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Gary Bode, CPA is a Master's Degreed, nation wide accountant offering tax and business services. Member of AICPA and NCACPA. Our virtual office provides excellent service to long distance and international clients. Call (910) 399-2705 for a free phone consult.

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We short sold our home in 2014 and were concerned with the repercussions from the cancelled debt. We did a lot of research on the internet and were able to find Gary.  He provided a free consultation and let us know that we should be do.  Due to his expertise, we went from thinking that we would owe a significant amount of money to actually receiving a nice refund.

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Schedule C CPA compares 2013 Standard Mileage Rate and Actual Cost Auto deductions

IRS Schedule C CPA

Generally the Actual Cost method for deducting Auto Expense on IRS Schedule C reduces your tax bill more than using the  IRS Standard Mileage Rate method. (910) 399-02705.

Schedule C CPAs get asked which technique is better to deduct auto expense; the IRS standard mileage rate or the actual cost method? I’ll run a few simple auto expense examples for Schedule C filers. Auto expense is generally in the top three deductions on Schedule C (by dollar amount), so it’s important.

IRS 2013 Standard Mileage Rate for Schedule C

Sole Proprietorships and SMLLCs (Single Member LLC) can choose to deduct Auto Expense using the standard mileage rate. This is 56.5 cents per mile in 2013. Check with your CPA, or at least read IRS Publication 463 to fill in any gaps of this posting.  So your Auto Expense decution on Schedule C for 1,000 business miles is $565. Here’s a link to our past discussion on Schedule C auto expense.

What is the Standard Mileage Deduction really worth on Schedule C?

A Rule of Thumb: Dollars of Tax Saved per 1000 Business Miles

I find that Schedule C filers appreciate rules of thumb to help calculate how the IRS Standard Mileage Rate deduction cuts their tax bill. Some folks call it ballparking. So let’s see what a thousand business miles means in actual tax savings. Ballparking differs from the true figure, but is close enough for conversational purposes.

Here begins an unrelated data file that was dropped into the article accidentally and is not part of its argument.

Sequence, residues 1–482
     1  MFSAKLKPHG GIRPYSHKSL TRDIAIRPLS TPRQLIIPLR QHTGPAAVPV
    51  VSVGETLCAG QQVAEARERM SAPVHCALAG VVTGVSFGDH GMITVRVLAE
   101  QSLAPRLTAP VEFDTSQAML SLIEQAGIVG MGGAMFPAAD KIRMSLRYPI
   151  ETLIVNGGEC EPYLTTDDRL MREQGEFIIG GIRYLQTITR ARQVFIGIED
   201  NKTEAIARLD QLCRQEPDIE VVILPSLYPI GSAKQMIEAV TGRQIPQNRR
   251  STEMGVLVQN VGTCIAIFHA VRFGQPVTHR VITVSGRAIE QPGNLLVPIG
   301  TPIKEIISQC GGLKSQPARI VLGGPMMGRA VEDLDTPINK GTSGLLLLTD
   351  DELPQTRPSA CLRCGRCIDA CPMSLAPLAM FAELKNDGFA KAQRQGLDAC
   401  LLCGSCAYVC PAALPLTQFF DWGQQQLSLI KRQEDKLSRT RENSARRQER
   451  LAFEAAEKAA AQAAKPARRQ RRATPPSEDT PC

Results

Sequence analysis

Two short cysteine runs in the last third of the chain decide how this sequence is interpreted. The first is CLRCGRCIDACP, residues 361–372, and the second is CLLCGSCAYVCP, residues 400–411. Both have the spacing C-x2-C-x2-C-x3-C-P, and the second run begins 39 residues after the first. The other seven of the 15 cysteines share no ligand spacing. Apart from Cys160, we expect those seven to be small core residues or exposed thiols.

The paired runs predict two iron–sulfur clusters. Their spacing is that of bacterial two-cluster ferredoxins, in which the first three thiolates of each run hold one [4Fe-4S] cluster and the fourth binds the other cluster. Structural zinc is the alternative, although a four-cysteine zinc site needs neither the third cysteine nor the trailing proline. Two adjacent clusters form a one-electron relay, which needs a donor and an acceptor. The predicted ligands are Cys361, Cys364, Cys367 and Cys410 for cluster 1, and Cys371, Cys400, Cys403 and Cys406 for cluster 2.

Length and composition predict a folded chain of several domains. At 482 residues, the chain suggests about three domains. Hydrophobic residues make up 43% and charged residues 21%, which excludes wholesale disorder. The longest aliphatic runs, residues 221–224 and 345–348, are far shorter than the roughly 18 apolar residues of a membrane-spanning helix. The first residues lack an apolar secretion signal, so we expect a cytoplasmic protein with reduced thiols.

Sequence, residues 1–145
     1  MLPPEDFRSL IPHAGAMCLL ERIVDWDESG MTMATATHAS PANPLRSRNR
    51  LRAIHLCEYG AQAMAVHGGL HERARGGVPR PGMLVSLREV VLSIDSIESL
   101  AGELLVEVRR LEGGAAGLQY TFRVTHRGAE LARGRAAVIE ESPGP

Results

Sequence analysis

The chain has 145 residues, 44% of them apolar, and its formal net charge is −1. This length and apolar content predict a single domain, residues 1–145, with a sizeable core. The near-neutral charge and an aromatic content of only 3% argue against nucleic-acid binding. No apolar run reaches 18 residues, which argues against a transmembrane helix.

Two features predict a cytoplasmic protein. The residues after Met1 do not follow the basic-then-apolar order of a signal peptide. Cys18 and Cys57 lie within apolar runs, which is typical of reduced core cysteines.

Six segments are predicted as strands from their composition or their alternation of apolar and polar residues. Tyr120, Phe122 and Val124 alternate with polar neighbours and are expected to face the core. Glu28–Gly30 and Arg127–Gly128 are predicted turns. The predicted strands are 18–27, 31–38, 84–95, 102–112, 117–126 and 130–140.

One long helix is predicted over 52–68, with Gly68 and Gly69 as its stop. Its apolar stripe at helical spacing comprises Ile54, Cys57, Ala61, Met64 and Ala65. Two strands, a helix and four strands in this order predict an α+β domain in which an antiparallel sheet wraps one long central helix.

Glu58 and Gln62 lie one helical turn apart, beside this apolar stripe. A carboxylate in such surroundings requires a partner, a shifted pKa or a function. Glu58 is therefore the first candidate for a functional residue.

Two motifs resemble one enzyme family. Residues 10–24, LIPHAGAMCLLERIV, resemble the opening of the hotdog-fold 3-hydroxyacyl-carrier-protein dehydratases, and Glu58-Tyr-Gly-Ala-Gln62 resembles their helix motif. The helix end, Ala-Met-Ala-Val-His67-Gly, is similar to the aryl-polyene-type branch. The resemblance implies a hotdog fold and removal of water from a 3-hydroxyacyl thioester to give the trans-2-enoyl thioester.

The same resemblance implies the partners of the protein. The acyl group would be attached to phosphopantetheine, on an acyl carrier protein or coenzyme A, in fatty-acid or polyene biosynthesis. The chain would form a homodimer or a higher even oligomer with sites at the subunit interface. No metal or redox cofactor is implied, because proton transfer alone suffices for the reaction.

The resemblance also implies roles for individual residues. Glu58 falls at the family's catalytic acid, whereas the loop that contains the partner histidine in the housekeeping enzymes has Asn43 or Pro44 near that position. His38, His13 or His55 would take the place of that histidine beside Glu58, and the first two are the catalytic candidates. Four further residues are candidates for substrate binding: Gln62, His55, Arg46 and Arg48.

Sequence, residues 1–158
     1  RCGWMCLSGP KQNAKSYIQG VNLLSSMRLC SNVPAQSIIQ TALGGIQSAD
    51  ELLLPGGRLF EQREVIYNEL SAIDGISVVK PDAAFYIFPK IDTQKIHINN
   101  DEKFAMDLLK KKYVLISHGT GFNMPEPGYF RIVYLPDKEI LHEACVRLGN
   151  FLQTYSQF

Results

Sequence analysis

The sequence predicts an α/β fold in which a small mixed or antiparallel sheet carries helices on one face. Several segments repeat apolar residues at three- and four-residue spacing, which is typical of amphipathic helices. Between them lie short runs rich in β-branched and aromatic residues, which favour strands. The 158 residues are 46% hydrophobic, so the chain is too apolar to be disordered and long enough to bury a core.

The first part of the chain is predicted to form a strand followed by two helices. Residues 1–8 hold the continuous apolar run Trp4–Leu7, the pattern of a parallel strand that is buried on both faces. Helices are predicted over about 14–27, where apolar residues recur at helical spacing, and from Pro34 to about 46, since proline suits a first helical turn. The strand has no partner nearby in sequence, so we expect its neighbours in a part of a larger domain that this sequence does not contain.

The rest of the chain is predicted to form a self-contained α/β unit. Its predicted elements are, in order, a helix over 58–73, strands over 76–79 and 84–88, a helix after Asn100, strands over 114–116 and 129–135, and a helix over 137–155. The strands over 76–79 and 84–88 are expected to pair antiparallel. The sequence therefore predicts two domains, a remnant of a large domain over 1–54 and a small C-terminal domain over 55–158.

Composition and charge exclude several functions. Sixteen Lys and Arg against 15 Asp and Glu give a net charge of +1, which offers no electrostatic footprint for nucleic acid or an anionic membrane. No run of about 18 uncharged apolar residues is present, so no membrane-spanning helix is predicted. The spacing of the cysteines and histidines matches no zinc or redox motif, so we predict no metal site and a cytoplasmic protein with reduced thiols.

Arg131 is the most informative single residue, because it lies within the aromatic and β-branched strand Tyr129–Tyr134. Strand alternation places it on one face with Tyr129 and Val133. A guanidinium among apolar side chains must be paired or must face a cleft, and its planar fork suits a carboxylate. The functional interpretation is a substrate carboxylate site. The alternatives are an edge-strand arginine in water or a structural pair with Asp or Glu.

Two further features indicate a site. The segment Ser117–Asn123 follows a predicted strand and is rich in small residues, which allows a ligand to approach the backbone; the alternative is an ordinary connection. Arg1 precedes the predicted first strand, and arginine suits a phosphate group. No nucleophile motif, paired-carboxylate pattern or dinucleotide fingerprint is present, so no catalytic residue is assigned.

We’ll use 50 cents per mile, 1000 miles, and a 25% aggregated tax rate. Why? The math is simple.  Aggregate tax rate is just your IRS marginal tax rate plus your State income tax rate. So the example assumes you pay $250 of IRS and State tax on the last $1,000 of profit from your Schedule C business.

  • .50 x 1000 =$500 for the deduction on Schedule C.
  • $500 x 25% = $125 tax savings.
  • So 1,000 miles of legitimate business mileage saves you $125 in taxes.

Can you run your business vehicle 1,000 miles on $125?

No, let’s see what happens, through another rule of thumb. 1000 miles / 25 MPG = 40 gallons of gas. 40 gallons x $3.50 per gallon = $140. And of course this doesn’t even include the actual cost of the vehicle, insurance repairs, etc.

“In the past, using the Standard Mileage Rate on Schedule C came close to covering your actual costs without a lot of documentation. But now, we’re recommending using Actual Cost method for our Schedule C clients.”
– Gary Bode, Schedule C CPA and tax accountant

Our virtual office means we can serve your business wherever it is. The CPA license is essentially national. We serve a broad geographical base. For a free initial phone consult, call us at (910) 399-2705.

Using estimated mileage for the IRS Auto Expense on Schedule C

You’re expected to keep a mileage log. A notorious Tax Court case denied any standard mileage rate deduction because the Schedule C used estimated mileage. So, even though there was some legitimate business mileage, no deduction was allowed. Ouch.

You can’t switch from the IRS Standard Mileage Rate method and the Actual Cost method for deducting Auto Expense on Schedule C

The only time you have a choice between the methods is the first time you file Schedule C or put a “new” vehicle into use. So if you use the Standard Mileage Rate method for your first year in business, you’re stuck with it until you buy different vehicle. Each business vehicle is independent; you’re notlocked into a the same method for your entire fleet.

Actual Cost for Auto Expense

The actual cost method for Auto Expense on Schedule C gets complex. Why? Because depreciation and personal mileage are factors. Depreciation is the amount you can deduct for the purchase price of the vehicle this year. Here’s an example for 2013:

  • Depreciation $1,000.
  • Gas: $2,500.
  • Insurance: $500.
  • Repairs: $300.
  • Tires: $200.

So, $4,500 of actual costs for the tax year.

But, 500 of the total 17,800 miles was personal use mileage and not business related. So:

  • (500 miles /17,800 miles) x $4,500 of total Actual Costs = $126 of personal auto expense.
  • Actual Cost for the Auto Expense deduction on Schedule is $3500-$98 = $4,374.

“So most Schedule C filers have to keep a mileage either way: business mileage for the IRS standard mileage rate, or, personal mileage for the Actual Cost method”.
– Gary Bode, Schedule C CPA

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